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Heart Valve Manufacturing Tour – Edwards Lifesciences

Posted by Adam Pick on February 26th, 2008

Hey everybody,

As you may know, I’m currently interviewing several leading heart valve replacement manufacturers for the next edition of my book. I’m trying to learn more facts about heart valve replacements to help future patients and caregivers better understand their options.

Edwards LifeSciences Pericardial Heart Valve Replacement

That said, last week I visited Edwards Lifesciences headquarters in Irvine, California. It was amazing! The company has an incredible heart valve museum that really illustrates the development of heart valve technology and heart valve surgery.

Edwards Lifesciences Heart Valve Museum

During the tour of Edwards’ heart valve manufacturing site, I saw both porcine (pig) and bovine (cow) valve replacements being made. Needless to say, I learned ALOT about the manufacturing process and performance of tissue heart valve replacements. Thanks to Mike Numamoto (pictured below), Nolan Taira and Suzanne Gillmore from Edwards for your time and help!

Mike Numamoto (Vice President, Marketing) and Adam Pick At Edwards Lifesciences Corporate Office In Irvine, California

Here are some interesting facts I learned about tissue valve replacements during my visit to Edwards:

  • A biological or tissue heart valve replacement can require up to 1,800 hand-sewn stitches.
  • The average time it takes to manufacture one tissue heart valve is 29 days.
  • Heart valve replacements can cost over $5,000 US dollars. However, relative to the total cost of heart valve replacement surgery, that’s not terribly expensive.
  • I estimate that Edwards ships about 70,000 heart valve replacements each year.
  • The shelf-life of a tissue heart valve replacement is about 2 years.
  • The Carpentier-Edwards PERIMOUNT aortic heart valve replacement has shown durability in excess of 20 years. Many factors go into the overall durability of heart valves including the patient’s age, his/her medical conditions, etc. Edwards’ continuing goal is “to make their pericardial tissue valve even more durable, which would make them an even better options for patients.”
  • Edwards employs over 5,600 people.

Honestly, I could on and on and on… However, I gotta run. I’m late for dinner. To learn more about heart valve replacements, click here.

Keep on tickin!

Adam Pick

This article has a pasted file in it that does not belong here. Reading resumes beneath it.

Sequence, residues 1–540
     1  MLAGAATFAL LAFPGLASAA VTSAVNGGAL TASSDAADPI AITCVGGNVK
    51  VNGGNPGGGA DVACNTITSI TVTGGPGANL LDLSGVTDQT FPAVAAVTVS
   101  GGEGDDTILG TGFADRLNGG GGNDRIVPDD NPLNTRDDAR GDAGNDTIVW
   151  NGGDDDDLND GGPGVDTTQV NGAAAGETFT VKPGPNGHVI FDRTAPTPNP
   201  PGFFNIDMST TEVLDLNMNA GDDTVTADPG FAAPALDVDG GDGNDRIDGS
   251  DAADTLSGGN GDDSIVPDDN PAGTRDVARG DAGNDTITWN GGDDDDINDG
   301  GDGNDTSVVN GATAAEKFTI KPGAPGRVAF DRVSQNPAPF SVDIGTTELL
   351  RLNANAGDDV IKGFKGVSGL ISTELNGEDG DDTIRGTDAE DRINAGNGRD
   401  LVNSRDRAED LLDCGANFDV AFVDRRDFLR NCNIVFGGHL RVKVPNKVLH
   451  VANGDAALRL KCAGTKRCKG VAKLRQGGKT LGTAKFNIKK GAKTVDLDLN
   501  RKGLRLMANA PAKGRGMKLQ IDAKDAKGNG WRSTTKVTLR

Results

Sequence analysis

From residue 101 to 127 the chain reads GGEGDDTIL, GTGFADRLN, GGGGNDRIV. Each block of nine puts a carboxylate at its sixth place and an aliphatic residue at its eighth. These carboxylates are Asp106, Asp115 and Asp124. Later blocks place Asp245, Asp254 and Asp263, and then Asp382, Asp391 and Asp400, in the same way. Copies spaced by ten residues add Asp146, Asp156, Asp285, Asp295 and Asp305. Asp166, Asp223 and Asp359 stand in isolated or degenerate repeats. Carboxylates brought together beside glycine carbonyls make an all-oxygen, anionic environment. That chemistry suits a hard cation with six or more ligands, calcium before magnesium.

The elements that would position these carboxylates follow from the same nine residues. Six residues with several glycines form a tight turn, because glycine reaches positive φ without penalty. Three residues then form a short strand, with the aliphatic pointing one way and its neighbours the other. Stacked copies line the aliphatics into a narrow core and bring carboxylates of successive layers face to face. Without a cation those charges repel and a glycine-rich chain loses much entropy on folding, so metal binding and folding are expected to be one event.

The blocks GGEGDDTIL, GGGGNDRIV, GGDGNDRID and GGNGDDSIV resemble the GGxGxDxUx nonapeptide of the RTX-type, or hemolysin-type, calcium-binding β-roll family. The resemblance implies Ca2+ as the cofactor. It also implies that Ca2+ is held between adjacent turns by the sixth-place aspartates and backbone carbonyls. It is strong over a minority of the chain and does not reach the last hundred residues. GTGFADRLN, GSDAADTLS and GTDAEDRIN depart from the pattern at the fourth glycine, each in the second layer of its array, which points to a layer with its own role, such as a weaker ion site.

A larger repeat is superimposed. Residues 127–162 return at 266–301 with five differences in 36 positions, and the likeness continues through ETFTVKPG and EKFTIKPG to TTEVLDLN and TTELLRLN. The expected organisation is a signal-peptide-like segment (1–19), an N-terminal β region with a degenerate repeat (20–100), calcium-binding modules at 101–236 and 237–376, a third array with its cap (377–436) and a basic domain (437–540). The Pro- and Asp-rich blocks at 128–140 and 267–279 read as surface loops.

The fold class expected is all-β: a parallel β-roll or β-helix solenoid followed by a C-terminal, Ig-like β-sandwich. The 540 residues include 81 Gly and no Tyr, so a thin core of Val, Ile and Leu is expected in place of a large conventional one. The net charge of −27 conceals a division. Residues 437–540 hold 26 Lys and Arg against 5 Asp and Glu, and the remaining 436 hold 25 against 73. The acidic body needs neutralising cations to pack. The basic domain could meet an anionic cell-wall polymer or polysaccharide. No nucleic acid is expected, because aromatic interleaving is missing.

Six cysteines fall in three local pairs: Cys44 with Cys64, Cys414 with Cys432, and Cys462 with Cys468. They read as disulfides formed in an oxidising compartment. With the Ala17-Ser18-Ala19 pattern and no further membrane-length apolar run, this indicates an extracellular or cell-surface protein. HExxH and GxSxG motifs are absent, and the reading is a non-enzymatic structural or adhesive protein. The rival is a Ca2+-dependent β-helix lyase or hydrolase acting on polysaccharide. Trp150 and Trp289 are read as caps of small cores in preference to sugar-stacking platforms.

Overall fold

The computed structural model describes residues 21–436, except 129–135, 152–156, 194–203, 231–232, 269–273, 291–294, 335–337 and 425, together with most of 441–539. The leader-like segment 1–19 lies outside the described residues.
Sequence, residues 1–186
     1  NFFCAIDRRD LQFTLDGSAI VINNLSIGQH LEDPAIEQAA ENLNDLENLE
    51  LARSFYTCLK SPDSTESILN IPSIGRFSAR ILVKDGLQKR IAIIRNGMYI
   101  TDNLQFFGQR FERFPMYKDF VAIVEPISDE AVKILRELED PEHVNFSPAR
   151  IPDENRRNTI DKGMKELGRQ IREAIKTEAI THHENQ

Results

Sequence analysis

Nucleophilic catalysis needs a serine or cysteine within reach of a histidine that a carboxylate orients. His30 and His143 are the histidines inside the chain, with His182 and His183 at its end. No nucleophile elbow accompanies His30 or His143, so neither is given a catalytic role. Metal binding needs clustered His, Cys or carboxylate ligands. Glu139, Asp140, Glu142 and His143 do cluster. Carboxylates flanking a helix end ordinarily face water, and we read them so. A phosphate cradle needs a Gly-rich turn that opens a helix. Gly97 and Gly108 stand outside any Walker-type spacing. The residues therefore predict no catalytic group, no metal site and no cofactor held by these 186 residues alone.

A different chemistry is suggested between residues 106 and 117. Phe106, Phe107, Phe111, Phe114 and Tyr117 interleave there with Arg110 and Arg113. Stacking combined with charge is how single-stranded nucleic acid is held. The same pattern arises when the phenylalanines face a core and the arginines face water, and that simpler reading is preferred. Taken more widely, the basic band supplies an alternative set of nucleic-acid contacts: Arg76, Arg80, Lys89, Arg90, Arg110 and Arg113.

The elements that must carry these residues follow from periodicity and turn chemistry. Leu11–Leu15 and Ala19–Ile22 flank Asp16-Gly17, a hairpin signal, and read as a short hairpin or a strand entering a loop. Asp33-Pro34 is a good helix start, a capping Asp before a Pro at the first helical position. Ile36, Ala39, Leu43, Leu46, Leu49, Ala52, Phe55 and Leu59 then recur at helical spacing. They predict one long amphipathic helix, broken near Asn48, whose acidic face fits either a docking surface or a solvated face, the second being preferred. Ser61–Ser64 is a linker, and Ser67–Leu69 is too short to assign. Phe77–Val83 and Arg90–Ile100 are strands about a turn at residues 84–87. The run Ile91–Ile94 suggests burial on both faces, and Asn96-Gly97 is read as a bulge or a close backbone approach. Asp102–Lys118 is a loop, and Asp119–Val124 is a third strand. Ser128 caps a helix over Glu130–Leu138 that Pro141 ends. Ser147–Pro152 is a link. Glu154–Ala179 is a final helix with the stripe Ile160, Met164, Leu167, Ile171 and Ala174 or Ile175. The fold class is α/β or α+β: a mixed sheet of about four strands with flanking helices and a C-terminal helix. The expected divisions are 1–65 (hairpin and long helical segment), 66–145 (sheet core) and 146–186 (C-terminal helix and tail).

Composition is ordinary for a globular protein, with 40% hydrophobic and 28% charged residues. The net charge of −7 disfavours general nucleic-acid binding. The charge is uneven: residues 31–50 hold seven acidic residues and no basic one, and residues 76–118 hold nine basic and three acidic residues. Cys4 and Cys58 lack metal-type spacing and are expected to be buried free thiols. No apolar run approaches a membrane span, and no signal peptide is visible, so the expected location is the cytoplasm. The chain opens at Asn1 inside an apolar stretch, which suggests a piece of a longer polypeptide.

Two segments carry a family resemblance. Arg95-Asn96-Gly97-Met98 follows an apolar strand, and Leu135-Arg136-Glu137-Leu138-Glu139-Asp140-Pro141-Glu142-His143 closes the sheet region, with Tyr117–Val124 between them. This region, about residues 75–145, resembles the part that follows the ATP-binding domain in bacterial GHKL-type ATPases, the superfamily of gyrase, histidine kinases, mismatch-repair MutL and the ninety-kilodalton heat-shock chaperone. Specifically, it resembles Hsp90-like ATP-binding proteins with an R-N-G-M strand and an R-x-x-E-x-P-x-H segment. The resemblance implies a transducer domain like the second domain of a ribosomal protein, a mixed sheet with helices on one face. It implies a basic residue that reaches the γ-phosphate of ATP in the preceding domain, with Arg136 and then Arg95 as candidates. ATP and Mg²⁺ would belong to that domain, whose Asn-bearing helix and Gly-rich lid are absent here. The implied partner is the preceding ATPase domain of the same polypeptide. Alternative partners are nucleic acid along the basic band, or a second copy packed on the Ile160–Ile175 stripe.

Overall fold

Written by Adam Pick A dad, a husband and a patient, Adam Pick founded this website in 2006 to educate you about heart valve surgery from diagnosis to recovery.
You can get the latest updates about heart valve surgery from Adam at his Facebook, and Twitter pages. Click here to email him.

 


Jeff Maltese says on March 6th, 2008 at 3:43 pm

Adam The gentleman that you want to talk with is named Dr Jack Bokros.

He is responsible for all bileaflet mechanical valves on the market today, and has a history on how the market has moved forward. Another gentleman that you should talk with is Rollie Siegel, he has been in the heart valve market since the beginning.

Any questions please call I can provide more non biased people to talk with. Jeff Maltese 303-887-8850

 


Debra says on July 1st, 2010 at 7:39 am

Hi Adam,
First of all I would like to say I am so glad I found your website. I would like to ask you about my 63 year old mother. She had a valve replacement surgery in 1994 and now she has two leaking valves again. The doctors told her that another surgery is a high risk for her or even if she do the surgery the problem will occur again. Can you please help me. My families are helpless we don’t know what to do.

Thanks,
Debra.

 


Sheila says on August 4th, 2011 at 7:33 am

It has been over 18 months since I had a bovine valve replacement. I still get ‘sensations’ or ‘mild pain’ across my chest (not the sternum). My GP says it is probably from the scar tissue. Is this correct or could it be another problem?

 


Wanda Headrick says on November 25th, 2012 at 10:04 pm

I am scheduled for Aortic Valve Replacement and Aortic Artery Repair or Replacement on Dec 10th. My surgeon has promised he will use a cow valve if he can get one “big enough”. How anc what could I do to assure there would be a “big enough” valve available. Is there a “valve bank” or where do they come from and is there more than one company who provided valves. I am aware if Edwards Life Sciences.

 

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